Abstract: Firms compete in an increasingly omnichannel environment. Customers no longer travel a single linear path but traverse a complex map invoking many channels, firm-owned and external, seamlessly through integrated technology. The associated changes in consumer behavior and the ways that firms engage consumers have led many to reshape the way they innovate their product portfolios. This article presents a structured overview of some of the most striking changes to firms’ new product development (NPD) processes in B2C settings. Enlisting the classic NPD funnel, it describes how the omnichannel environment and its technologies affect speed and execution in each development stage. It illustrates key changes with examples from packaged goods, consumer technology, and fashion.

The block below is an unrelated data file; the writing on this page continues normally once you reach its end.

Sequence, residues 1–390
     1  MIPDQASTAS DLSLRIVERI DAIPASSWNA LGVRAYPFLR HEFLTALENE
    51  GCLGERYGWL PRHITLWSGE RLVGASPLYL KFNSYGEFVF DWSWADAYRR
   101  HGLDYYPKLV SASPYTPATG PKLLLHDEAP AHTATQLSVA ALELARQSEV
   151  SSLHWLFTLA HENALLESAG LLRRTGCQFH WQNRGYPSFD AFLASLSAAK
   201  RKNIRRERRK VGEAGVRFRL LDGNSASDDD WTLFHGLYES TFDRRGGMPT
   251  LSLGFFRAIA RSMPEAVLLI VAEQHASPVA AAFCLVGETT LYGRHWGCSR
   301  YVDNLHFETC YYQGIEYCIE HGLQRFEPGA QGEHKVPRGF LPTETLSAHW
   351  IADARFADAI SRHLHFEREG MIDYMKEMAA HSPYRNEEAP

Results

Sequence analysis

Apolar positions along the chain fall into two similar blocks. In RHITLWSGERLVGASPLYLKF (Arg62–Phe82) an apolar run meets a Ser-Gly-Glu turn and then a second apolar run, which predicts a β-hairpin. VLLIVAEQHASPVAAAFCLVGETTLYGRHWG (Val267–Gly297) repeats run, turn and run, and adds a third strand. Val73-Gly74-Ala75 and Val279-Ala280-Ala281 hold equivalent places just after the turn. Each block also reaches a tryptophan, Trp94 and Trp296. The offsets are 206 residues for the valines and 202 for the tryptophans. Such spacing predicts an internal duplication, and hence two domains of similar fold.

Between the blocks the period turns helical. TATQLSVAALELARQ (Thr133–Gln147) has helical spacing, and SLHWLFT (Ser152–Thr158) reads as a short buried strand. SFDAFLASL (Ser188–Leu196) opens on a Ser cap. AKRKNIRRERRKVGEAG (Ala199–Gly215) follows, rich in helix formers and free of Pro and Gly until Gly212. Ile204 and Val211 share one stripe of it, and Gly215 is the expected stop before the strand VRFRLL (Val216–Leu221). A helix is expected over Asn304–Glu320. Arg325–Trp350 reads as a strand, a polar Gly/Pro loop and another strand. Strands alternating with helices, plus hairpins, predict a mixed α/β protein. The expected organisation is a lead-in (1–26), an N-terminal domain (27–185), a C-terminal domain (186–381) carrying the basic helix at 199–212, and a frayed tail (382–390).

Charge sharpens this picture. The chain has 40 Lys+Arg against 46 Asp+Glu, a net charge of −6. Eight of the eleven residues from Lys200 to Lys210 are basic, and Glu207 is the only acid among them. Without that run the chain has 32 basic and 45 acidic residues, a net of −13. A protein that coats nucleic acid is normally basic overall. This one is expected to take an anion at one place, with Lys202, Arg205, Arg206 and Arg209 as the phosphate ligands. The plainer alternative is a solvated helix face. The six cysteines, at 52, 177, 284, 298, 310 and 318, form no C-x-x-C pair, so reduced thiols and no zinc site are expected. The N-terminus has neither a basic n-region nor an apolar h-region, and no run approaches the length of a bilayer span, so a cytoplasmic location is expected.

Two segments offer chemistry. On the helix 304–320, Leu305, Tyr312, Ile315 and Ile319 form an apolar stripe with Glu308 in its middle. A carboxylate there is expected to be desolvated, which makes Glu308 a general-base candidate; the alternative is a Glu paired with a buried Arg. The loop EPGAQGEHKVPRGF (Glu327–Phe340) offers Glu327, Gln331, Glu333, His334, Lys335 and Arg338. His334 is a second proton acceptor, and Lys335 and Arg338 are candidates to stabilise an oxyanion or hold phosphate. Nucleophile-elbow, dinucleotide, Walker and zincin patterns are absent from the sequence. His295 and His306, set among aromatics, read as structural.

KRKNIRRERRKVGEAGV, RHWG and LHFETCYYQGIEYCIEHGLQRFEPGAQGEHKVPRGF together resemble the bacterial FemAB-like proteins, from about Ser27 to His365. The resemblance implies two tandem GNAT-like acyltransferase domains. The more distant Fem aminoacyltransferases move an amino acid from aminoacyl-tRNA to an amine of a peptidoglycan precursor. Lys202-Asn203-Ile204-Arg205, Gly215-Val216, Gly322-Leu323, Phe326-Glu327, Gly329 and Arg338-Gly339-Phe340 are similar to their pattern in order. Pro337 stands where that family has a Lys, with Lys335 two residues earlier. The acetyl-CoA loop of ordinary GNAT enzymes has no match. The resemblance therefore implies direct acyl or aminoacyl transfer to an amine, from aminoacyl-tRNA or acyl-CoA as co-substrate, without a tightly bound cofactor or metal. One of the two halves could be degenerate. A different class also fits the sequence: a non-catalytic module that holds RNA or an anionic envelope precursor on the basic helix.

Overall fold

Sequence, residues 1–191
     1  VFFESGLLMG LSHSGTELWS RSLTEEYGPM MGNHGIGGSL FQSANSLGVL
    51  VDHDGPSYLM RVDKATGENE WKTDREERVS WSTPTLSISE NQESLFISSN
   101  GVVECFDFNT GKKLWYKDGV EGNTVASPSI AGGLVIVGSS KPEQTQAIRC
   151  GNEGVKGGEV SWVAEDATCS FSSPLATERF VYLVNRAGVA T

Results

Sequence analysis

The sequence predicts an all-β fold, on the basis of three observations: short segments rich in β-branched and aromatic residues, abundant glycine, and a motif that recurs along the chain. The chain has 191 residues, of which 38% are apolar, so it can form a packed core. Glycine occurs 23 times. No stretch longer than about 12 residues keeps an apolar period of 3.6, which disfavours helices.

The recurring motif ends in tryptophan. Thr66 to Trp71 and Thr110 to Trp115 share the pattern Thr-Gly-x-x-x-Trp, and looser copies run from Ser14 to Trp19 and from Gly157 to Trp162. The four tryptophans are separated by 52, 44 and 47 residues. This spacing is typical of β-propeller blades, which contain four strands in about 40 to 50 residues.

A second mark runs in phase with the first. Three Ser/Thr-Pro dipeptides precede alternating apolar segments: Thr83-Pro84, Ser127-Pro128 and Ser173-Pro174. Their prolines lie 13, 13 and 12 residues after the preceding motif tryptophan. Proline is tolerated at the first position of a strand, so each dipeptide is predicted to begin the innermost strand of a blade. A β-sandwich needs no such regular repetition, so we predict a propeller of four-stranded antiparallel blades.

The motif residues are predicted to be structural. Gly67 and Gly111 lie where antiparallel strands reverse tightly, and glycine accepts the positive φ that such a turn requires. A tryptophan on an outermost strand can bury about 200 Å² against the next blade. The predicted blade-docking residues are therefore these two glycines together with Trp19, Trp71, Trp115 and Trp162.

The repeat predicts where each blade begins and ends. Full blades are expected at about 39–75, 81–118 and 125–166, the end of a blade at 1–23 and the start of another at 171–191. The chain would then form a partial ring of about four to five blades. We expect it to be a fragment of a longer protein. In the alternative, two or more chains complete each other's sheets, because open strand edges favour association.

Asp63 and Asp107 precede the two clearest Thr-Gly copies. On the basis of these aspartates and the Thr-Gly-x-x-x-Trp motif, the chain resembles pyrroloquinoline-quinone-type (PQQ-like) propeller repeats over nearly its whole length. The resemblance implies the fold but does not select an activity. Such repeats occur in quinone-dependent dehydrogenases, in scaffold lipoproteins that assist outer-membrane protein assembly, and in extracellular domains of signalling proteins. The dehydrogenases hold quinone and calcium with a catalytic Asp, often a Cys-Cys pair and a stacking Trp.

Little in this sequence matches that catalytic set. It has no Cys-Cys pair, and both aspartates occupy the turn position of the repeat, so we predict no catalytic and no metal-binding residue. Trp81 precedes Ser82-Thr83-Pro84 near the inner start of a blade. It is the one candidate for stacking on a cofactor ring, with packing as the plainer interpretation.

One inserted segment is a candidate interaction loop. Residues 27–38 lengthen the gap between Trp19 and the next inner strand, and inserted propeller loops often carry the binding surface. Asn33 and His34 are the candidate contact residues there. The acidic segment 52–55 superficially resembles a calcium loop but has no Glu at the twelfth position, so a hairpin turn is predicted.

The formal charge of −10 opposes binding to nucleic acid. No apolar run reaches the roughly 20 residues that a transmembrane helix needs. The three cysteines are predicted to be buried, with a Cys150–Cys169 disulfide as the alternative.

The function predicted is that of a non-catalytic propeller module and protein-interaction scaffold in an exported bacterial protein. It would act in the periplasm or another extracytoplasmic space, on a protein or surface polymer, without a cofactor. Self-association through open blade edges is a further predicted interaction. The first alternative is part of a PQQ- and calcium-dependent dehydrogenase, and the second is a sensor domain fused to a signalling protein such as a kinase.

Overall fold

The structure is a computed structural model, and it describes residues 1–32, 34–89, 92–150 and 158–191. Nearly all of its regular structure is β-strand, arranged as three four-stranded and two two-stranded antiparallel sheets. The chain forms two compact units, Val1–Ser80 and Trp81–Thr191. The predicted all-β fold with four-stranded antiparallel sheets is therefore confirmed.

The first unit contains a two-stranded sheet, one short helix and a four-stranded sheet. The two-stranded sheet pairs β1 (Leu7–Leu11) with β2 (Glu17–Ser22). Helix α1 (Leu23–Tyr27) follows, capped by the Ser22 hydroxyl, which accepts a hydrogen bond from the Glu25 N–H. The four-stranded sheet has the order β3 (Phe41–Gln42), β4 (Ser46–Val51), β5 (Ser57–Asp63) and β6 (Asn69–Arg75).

• David Bell, Santiago Gallino, Antonio (Toni) Moreno-Garcia (2020), Customer Supercharging in Experience-Centric Channels, Management Science.